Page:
High Test, by Elizabeth Noble
Series: Dreamspun Desires, Book 47
Publisher: Dreamspinner Press
Release Date: December 1, 2017
Rating: 2.5 out of 5 stars
The coffee is rich. Hayden isn’t. But Neal doesn’t need to know that—yet.
Hayden Owens is just your typical graduate student working his way through school as a barista for the Owens Coffee Company—no relation. But he keeps the “no relation” part to himself when he meets dashing architect, Neal Kirchner, a successful older man from an old-money family. Hayden doesn’t exactly lie, but he figures it can’t hurt for Neal to believe he’s a rich kid. After all, Hayden doesn’t want Neal thinking he’s a gold digger.
The closer they become, the harder it gets for Hayden to come clean. Something always seems to get in the way. When a company bankruptcy and a jilted, vindictive woman threaten to expose his charade, Hayden thinks it’s all gone down the drain. Luckily Neal is ready with some innocent trickery of his own.
Overall this was a fun, engaging book that read like a Cinderella story. College boy meets older, hunky man; misunderstandings ensue and it ends happily. The book had good writing and I really like how the age difference was handled. That became less of a big deal because the misunderstanding about Hayden being rich was the main focus for the story. I really love the whole misunderstandings/mistaken identity trope (especially when the MC is too awkward to clear anything up) and this book did a good job of presenting a low angst mistaken identity story.
I enjoyed most of the romance but there wasn’t much character development for Neal. We get to know Hayden and his interests and who he is, but Neal is just this fancy rich guy who is also really nice. The problem is that we’re supposed to believe that Hayden likes Neal for something other than his money. There was some character development, but not enough for me. Also I’m really torn on how I feel about Neal being Indian, because it was just kind of thrown in. I’m always excited for books with interesting and well written POCs but this felt more like a throwaway line than actual character development, if that makes any sense. It’s not that big of a deal but I’m hesitant to tag this as having a POC when it was just a few lines.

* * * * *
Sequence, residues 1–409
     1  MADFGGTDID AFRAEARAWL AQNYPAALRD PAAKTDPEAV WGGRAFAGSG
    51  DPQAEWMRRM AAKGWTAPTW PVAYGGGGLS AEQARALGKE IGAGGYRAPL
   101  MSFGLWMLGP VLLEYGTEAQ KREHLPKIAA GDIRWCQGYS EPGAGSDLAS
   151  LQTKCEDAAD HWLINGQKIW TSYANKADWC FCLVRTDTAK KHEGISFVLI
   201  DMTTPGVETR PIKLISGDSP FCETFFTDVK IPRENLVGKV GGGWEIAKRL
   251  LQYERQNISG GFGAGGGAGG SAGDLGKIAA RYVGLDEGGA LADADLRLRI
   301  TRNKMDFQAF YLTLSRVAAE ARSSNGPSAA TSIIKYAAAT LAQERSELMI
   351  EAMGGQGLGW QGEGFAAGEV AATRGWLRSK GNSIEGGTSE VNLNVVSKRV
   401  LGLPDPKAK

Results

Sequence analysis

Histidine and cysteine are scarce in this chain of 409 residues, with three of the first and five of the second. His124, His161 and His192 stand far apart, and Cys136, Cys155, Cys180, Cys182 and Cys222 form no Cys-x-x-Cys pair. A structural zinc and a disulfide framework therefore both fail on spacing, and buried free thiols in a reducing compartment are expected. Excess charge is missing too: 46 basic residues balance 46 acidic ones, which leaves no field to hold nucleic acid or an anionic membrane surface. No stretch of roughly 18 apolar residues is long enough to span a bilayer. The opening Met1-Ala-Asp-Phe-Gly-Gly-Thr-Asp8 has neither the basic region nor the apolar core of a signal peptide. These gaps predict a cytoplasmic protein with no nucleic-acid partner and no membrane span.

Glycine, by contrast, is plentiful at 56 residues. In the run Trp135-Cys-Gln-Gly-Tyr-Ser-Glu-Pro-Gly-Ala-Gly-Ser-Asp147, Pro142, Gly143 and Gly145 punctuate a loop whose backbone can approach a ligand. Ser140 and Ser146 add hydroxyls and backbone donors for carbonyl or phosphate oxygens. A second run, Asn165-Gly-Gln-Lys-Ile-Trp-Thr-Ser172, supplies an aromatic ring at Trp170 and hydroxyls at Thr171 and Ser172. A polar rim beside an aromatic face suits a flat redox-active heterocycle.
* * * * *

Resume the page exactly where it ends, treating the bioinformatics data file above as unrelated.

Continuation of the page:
Steffe and Rick, Hayden’s friends, were pretty much throwaway characters for me. They were in the book a lot, but it was just to move the plot forward. Rick just happened to be into clothes designing so that poor college student Hayden could dress fancy to impress his rich date. Then Steffe was a random female character that just gossips with Hayden so he can express what he’s feeling about Neal, but she’s just a 2D character otherwise.
Where this book really lost me is at the end. The resolution of the misunderstanding was just ok. It was low angst like the rest of the story, but there was a third person who tried to reveal the truth and it just became too convoluted to believe that Neal already knew the secret. Neal should have said something earlier instead of waiting, because if he cared about Hayden why would he let him stress out about it? [highlight for spoiler.] That wasn’t really believable to me.
Another part of the ending that ruined the book for me was the overly happy ending. The relationship just accelerated so fast that it seemed forced, predictable, and unrealistic. A lot of books tend to have sudden happy endings with big relationship steps just kind of thrown in there. To me that’s kind of a lame way to end a book, but I know a lot of people like that. Personally I’m willing to suspend my disbelief for how a relationship starts, but I really get let down when there’s a formulaic ending.
Mystery, action, chills and thrills spiced with romance and desire. Elizabeth Noble started telling stories before she actually knew how to write, and her family was very happy when she learned to put words on a page. Those words turned into books and fanfiction that turned into a genuine love of M/M romance fiction. Being able to share her works with Dreamspinner is really a dream come true. She has a real love for a good mystery complete with murder and twisty plots as well as all things sci-fi, futuristic, and supernatural and a bit of an unnatural interest in a super-volcano in Wyoming.
Elizabeth received several amateur writing awards. Since being published several of her novels have received Honorable Mentions in the Rainbow Awards. Jewel Cave was a runner up in the Gay Mystery/Thriller category in the 2015 Rainbow Awards. Ringed Love was a winner in the Gay Fantasy Romance category of the 2016 Rainbow Awards.
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I received an advanced copy of this novel in exchange for a fair and honest review.